As for the Idaho law, I'm not sure it would work everywhere. What does yield mean? You're supposed to slow down, but by how much? For some cyclists it means glance around quickly before flying through the intersection. As it is, most cyclists don't completely stop at a stop sign, including me, but you've got to use some judgement. Clear view of the intersecting road? Maybe slowing down enough is ok. Blind corner or something? Stop all the way. And the only way to know an intersecting road can be seen clearly is if you've ridden through that area before.

As for comparing Boise to Bakersfield and Sacramento, how about looking at Boise before and after the law changed? Did it actually change anybody's behavior anyway? Has anybody even heard of a cyclist getting a ticket for something like this?

Whatever happened to common sense? (1)

QA (146189) | about 3 months ago | (#46971379)

If we ignore the "law" for a moment, I'm having a hard time understanding why ANY sane person would blow through a stop sign. There could very well be a hidden drive way or road on one side of it. By the time you look left, then right, another vehicle could have easily pulled out that you may not have seen.

I find the "right of way" advocates even sillier.
We can put this on your tombstone " Here lies John Doe, tragically taken from us in an intersection by a large SUV, BUT HE HAD THE RIGHT OF WAY"

Re:Whatever happened to common sense? (0)

Anonymous Coward | about 3 months ago | (#46971541)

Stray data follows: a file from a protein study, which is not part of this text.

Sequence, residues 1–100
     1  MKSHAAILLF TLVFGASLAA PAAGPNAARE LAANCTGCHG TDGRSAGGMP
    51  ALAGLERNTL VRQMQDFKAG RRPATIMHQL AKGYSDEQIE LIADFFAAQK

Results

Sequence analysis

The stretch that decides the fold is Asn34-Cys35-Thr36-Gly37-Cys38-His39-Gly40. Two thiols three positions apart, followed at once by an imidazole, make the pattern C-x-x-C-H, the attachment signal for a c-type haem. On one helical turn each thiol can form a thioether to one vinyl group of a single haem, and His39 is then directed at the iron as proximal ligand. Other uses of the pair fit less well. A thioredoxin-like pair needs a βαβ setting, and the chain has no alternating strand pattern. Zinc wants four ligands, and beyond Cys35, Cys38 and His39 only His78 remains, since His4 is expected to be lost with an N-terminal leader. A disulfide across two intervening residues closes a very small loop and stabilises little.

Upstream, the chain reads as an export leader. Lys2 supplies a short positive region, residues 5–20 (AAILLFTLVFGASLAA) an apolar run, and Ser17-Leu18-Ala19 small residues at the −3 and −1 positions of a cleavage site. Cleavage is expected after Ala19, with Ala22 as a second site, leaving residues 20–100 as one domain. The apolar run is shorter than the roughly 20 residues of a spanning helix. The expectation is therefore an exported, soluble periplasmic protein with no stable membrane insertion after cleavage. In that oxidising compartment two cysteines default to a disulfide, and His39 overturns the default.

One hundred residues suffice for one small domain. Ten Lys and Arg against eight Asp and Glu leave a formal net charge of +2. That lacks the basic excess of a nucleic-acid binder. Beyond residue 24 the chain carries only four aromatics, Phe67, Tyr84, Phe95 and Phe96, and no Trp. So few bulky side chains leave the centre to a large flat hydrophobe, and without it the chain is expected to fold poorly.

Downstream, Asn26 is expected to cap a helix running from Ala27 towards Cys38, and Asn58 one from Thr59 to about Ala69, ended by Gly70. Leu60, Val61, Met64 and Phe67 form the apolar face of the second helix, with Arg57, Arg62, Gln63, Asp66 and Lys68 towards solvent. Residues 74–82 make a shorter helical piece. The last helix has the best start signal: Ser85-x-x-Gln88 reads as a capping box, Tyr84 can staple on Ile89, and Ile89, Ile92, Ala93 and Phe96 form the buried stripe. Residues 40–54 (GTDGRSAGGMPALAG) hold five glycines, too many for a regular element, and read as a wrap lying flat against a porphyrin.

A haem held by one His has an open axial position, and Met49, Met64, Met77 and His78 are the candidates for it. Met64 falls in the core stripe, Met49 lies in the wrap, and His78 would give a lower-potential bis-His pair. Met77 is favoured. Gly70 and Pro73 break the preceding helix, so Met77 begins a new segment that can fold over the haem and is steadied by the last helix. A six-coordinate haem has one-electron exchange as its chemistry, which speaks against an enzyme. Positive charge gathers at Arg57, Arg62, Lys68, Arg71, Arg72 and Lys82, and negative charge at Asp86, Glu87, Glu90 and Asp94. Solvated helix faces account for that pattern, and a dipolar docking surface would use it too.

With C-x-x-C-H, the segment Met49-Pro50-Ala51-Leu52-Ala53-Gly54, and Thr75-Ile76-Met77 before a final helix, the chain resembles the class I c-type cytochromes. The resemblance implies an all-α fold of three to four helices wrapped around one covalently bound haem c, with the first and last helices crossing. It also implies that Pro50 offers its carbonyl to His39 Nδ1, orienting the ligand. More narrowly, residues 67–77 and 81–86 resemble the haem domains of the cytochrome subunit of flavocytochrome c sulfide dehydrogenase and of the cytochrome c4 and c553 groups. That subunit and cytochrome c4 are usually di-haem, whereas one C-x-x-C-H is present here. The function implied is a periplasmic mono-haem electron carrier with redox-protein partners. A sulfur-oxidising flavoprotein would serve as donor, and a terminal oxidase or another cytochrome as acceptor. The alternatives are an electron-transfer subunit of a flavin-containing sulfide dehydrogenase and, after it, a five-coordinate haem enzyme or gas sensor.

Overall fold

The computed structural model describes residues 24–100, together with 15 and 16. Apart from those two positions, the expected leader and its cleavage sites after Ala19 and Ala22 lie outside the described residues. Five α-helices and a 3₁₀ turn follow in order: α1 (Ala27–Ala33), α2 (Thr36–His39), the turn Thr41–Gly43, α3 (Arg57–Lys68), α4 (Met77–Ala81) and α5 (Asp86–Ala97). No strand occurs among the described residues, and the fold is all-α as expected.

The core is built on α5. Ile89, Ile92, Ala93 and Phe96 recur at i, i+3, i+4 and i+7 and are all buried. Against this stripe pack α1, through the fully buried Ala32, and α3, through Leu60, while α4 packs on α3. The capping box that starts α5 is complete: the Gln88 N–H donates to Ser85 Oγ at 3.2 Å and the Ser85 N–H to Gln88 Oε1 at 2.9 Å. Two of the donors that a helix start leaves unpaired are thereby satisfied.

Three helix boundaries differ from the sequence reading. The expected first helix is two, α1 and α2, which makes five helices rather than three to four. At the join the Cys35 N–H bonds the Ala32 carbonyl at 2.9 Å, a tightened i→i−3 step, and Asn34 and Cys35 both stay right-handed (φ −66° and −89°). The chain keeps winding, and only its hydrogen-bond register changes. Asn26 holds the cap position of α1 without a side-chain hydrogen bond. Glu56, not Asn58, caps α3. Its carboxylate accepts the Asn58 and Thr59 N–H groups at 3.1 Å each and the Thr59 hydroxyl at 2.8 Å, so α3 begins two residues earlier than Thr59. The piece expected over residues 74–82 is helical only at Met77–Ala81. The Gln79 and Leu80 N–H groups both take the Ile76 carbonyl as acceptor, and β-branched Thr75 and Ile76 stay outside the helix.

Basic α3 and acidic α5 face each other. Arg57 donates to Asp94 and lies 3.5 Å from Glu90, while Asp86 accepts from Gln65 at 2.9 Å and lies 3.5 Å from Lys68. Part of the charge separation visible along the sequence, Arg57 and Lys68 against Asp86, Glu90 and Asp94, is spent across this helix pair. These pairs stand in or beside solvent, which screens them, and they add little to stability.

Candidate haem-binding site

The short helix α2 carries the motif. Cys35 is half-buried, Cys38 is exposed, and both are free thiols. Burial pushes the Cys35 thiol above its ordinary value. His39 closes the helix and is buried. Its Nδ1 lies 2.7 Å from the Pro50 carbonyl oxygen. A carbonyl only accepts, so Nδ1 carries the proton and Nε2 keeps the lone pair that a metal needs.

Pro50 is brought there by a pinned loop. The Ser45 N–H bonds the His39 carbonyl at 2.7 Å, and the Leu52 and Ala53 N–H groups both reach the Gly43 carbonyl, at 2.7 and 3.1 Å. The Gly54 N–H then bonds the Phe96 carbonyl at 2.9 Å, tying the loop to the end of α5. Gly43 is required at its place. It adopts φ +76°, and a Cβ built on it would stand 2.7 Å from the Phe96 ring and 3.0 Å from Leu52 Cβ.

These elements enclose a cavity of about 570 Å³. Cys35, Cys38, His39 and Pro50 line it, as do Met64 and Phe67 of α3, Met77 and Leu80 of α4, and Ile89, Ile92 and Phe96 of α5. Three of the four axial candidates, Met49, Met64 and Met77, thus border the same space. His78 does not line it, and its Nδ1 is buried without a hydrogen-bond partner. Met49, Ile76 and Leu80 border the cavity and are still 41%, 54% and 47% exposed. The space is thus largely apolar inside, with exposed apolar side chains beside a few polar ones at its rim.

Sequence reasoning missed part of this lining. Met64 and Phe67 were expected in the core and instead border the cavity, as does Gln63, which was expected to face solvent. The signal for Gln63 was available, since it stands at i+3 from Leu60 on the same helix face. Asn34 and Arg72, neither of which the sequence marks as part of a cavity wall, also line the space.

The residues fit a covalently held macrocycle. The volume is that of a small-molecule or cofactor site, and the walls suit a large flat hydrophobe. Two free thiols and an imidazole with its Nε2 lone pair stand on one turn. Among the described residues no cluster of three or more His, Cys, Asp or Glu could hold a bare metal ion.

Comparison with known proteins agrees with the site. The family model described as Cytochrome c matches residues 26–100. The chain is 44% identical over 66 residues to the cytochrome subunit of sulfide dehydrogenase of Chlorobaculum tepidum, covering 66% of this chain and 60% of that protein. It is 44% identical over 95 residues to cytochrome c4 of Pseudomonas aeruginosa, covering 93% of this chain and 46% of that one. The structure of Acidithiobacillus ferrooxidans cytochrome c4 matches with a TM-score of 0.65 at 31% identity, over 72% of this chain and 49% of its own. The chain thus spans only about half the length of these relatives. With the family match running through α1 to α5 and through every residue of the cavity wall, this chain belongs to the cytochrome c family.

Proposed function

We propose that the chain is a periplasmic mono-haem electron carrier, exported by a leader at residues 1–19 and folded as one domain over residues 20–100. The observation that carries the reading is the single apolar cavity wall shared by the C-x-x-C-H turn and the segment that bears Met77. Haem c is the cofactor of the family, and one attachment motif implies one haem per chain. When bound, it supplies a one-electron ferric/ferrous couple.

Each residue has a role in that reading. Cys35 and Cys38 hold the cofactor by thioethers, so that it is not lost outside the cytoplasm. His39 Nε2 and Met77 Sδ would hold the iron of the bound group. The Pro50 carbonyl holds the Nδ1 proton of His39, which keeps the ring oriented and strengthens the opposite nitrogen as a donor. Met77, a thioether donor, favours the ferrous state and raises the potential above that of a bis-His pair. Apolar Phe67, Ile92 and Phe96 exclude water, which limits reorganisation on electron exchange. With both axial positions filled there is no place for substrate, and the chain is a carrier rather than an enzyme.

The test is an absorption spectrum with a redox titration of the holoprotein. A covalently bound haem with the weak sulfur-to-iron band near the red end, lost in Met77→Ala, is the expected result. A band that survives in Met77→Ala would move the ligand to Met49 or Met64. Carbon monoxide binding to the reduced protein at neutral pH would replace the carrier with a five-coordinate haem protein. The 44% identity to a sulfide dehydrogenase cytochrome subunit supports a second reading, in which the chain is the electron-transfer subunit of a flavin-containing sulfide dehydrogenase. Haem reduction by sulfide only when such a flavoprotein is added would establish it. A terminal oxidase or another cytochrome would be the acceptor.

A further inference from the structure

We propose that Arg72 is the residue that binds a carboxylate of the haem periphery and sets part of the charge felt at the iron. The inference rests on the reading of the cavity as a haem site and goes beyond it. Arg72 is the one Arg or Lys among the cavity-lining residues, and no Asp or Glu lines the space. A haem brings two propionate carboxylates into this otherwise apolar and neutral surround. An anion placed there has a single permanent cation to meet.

You must not commute by bike.

If you did, I think you'd find that rolling through stop signs and some red lights really is the best way to handle them.

If few cars are around it helps you get through the intersection quicker. Intersections are where most accidents happen. So safely making sure that you spend as little time in an intersection decreases your risk asa cyclist.

I also found that cars actually expect you to roll through stop signs. The odd time that I try to be a boy scout and stop, it often leads to a confusing situation with the vehicle and I making a few confused false starts.

As a cyclist a confused driver is a dangerous driver.

Re:Whatever happened to common sense? (0)

Anonymous Coward | about 3 months ago | (#46971593)

We are on geeks site. Most of patrons have some sort of asperger induced righteousness problem. This is not magically turned off when on the road or?

Stop signs in the US (0)

Anonymous Coward | about 3 months ago | (#46971393)

How common are Stop signs in the US?

In the UK, "Give Way" (i.e. "yield") signs outnumber them 100-to-1 or more. You normally only find Stop signs at blind junctions (mostly in places where the road layout hasn't changed since the middle ages).

Re:Stop signs in the US (1, Troll)

Wonko the Sane (25252) | about 3 months ago | (#46971491)

How common are Stop signs in the US?

In the UK, "Give Way" (i.e. "yield") signs outnumber them 100-to-1 or more. You normally only find Stop signs at blind junctions (mostly in places where the road layout hasn't changed since the middle ages).

Invert that ratio and you get the US.

Basically, traffic laws in the US are optimised to generate maximum fine revenue for the local police so they are designed to create as many violations as possible with no regard for safety. At the extreme end of the scale you've got red light cameras which might as well be called "murder cameras" for the number of people they kill.

The evidence is very clear that if you actually want safety on roads the way to get it is with fewer or no rules and signs, but since that directly contradicts the reveune purpose of having the signs and rules it would take a regime change to see that happen.